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Subject: Re: [boost] [Phoenix] Some questions and notes...
From: Giovanni Piero Deretta (gpderetta_at_[hidden])
Date: 2008-09-30 12:52:43

On Sat, Sep 27, 2008 at 6:16 AM, Joel de Guzman
<joel_at_[hidden]> wrote:
> Giovanni Piero Deretta wrote:
>>> Are you suggesting that you want phoenix functions to be "optionaly
>>> lazy" too? Currently, they are not. That can be done, but I need
>>> more convincing.
>> I would love if they were. But I can live with a layer on top of that.
>> About the convincing part... hum I guess the only way is to try them
>> and see if one find them convenient. For me it started as an
>> experiment that worked.
> Don't stop! Don't backout now that I'm starting to get convinced ;)
> I know the value of your suggestion. I've actually pondered on this
> a long time ago.

I really would like to bring other arguments, but it really seems
something one has to get used to.

>>>>>> Anyways, I can live with the current design, 'optional lazyness' could
>>>>>> be built on top of phoenix lazy functions. My only compliant is that
>>>>>> the 'lambda[]' syntax is already taken.
> If we are to break the interface, I want to do it right.
> Your feedback here is invaluable. The lambda[] behavior is
> not set in stone, so to speak. I just want to be sure I'm
> making the right decisions when changing the interface.
> I cannot affort a failed experiment.

IMHO always requiring lambda[] (and changing a bit the current
lambda[] behavior) is more future proof than the other solution. The
'lambda' keyword provides a simple place to hook extra solutions.

>>> In general though, I tend to avoid special cases. This
>>> "optional laziness" is based on special casing depending
>>> on some qualities of a lambda function.
>> Well, I guess that is a point of view.. as I see it, functions are
>> usually evaluated, unless some of the arguments are suspended: it is
>> not eager evaluation that is special, but lazyness (or partial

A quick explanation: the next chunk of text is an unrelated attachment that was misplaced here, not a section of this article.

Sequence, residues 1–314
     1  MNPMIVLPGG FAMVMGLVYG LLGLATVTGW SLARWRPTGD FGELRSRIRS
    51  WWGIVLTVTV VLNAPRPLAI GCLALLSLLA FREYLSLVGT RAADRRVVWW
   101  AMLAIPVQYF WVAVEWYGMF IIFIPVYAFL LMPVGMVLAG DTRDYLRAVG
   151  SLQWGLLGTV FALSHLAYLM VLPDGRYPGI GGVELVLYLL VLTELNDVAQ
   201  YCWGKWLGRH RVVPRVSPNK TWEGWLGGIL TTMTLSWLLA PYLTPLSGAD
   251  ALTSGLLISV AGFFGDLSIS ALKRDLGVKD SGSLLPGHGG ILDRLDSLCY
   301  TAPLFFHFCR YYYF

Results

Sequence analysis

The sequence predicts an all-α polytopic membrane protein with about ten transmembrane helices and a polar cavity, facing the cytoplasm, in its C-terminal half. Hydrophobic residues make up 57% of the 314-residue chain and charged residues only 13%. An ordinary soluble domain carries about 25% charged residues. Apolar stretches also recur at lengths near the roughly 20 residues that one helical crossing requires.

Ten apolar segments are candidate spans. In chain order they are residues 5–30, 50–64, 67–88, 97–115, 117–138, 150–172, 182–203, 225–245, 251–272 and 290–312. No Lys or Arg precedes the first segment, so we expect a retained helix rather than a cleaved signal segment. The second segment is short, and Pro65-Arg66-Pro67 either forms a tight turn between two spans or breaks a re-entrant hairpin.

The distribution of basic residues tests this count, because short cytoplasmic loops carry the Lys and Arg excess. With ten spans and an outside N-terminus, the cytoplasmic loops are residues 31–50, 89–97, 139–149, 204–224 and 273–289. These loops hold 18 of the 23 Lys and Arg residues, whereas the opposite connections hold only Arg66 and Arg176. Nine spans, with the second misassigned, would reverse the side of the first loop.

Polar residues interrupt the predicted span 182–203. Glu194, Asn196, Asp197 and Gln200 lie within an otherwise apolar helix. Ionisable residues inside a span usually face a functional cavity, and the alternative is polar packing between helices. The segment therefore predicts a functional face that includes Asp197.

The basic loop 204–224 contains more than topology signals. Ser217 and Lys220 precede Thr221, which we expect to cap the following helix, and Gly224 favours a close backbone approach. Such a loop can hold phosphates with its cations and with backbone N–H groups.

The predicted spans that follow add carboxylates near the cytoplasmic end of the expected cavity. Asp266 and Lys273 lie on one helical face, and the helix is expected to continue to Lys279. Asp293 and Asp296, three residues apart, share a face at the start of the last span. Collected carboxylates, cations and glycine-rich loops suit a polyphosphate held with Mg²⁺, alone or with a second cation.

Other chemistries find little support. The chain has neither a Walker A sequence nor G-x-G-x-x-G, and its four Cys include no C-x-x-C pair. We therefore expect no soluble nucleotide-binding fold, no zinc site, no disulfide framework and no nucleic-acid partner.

>> application or whatever you want to call it).
> And it is a valid point of view. Recall in the brief introduction
> that "The focus is more on usefulness and practicality than purity,
> elegance and strict adherence to FP principles.". I do admire
> people like you who embrace FP and pure functions. I try to
> do as much FP as I can. But in the real world, it's C++ we
> are dealing with with the side-effects, with the imperative
> code, etc.

I'm an engineer so for me practicality is everything :)

I try to practice a functional approach to programming simply because
ditching as much mutable state as possible let me reason about a
system more easily. The catch is, as usual, in the 'as much as

> This is not the first time things like this are brought into light
> though. As I said, I already pondered on this a long time ago.
> I'm definitely interested with your approach. And, as someone
> who already made progress in that route, I would love to collaborate
> with you on having a facility like this built on top of phoenix.

Ok, I do not think it will be hard! I'll start to look to the current
phoenix V3.

>> int i = 0;
>> lambda[ i+= arg1]; //default capture by value
>> lambda_r[ i += arg1]; //default capture by reference
>> It would make Phoenix similar to C++0x lambdas.
>> Without requiring lambda[] [1] I do not see how this could be
>> implemented (expecially if you want the default capture behavior to be
>> by value).
> I'm not sure about this one. What makes this better than
> just having ref(i) ?

With just a single captured variable, it is more or less the same, but
with complex lambda expressions were you need to capture many
variables by reference (because you need to mutate or simply they are
expensive to copy), it makes a difference. C++0x lambdas do the same.

In general, I find that the most of my lambdas have a shorter lifetime
than the variables they capture, so capture by (const) reference as
default would work for me. OTOH having an simple syntax to switch from
one mode to the other without requiring to explicitly mark every
variable is a good thing.


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